Researchers try to turn roadside weed into biofuel

Friday, November 27, 2015
This image shows curly cup gumweed, a sticky cousin of the sunflower, that is the target of research into efforts to use it to produce biofuels. (Whip Villarreal ~ University of Nevada, Reno)

RENO, Nev. -- Three decades ago, a University of Nevada researcher who obtained one of the first U.S. Energy Department grants to study the potential to turn plants into biofuels became convinced a roadside weed -- curly top gumweed -- was growing along the road to the future.

Scientists who've been cultivating gumweed on the Reno campus think they are on the verge of producing diesel fuel from the sticky cousin of the sunflower that grows across much of Nevada's high desert.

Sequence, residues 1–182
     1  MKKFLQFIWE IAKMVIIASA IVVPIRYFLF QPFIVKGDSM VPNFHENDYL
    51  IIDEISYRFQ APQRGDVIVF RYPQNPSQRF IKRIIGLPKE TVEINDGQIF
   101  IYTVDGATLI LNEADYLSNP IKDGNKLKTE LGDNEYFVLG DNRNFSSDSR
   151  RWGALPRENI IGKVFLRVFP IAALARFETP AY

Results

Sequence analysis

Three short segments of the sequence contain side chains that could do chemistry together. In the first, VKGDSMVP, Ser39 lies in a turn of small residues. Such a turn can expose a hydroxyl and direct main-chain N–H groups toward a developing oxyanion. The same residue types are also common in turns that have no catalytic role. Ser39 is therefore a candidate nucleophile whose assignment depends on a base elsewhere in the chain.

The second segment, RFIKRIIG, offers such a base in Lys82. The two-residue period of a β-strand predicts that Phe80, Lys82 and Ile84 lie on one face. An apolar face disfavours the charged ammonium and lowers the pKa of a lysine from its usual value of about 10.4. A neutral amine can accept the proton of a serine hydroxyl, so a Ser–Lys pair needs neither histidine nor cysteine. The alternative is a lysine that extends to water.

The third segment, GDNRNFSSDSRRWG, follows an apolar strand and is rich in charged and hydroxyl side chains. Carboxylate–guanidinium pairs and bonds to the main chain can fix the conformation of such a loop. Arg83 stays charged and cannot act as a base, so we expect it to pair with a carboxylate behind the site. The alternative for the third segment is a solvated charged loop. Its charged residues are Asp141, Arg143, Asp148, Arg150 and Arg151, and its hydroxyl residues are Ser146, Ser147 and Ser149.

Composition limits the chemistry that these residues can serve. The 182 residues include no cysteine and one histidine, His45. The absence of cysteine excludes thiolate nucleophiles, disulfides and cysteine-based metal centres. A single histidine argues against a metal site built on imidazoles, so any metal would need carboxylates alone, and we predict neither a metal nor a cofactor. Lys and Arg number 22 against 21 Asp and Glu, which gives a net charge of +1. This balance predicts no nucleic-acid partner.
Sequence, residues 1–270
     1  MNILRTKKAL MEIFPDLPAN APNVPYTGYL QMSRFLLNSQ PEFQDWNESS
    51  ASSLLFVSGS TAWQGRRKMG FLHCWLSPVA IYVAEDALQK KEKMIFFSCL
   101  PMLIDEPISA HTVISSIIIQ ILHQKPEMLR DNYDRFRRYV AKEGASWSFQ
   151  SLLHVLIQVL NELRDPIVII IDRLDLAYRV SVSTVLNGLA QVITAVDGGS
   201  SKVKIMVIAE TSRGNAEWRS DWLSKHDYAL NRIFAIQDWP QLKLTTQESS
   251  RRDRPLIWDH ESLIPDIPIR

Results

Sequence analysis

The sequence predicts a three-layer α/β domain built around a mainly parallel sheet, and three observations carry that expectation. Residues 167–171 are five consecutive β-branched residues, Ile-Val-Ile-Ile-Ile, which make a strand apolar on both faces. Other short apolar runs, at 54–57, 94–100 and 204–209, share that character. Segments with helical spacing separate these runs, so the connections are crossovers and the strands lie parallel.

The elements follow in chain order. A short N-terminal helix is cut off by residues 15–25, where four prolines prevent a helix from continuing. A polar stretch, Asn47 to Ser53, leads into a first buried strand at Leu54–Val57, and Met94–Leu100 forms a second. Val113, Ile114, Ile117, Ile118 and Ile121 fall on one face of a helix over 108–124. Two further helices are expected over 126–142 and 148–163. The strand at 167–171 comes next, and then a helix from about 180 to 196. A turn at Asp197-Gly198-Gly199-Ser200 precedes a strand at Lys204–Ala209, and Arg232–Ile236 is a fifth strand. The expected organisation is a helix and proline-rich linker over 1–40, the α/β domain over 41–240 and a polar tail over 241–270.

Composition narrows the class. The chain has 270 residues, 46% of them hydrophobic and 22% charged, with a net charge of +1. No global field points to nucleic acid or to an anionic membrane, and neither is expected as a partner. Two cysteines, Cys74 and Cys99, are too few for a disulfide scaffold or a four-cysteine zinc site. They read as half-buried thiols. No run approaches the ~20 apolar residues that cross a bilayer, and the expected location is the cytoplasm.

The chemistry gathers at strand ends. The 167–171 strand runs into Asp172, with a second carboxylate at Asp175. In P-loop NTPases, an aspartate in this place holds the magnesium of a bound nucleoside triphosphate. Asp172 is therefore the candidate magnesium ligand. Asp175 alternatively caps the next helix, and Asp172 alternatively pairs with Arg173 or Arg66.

Glenn Miller, an environmental sciences professor in UNR's College of Agriculture, Biotechnology and Natural Resources, is leading the project in the second year of a four-year, $500,000 grant from the U.S. Department of Agriculture.

Miller didn't know much about gumweed when Darrell Lemaire, a mining engineer, secured the DOE grant in 1980 and approached him about doing some research in his lab.

The two scientists began growing gumweed on campus about 10 years ago, and their project evolved from the premise biofuels shouldn't be competing with food crops in Nebraska and Kansas.

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